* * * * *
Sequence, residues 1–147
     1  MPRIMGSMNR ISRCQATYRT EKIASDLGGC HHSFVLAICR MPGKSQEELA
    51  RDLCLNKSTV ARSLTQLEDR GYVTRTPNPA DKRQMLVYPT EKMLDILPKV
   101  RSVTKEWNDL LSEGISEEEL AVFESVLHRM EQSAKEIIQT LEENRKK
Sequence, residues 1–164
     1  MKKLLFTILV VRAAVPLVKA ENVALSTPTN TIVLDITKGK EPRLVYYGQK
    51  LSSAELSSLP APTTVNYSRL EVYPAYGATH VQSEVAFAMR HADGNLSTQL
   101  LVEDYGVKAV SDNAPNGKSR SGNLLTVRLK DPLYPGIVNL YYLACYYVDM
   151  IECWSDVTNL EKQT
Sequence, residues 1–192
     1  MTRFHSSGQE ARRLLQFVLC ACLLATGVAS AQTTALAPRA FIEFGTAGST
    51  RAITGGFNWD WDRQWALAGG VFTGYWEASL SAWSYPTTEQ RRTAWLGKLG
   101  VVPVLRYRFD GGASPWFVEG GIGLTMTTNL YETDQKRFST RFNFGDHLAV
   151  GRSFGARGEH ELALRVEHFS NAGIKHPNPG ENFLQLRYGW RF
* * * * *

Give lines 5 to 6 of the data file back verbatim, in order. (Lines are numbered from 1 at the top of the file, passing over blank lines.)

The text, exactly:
Sequence, residues 1–164
     1  MKKLLFTILV VRAAVPLVKA ENVALSTPTN TIVLDITKGK EPRLVYYGQK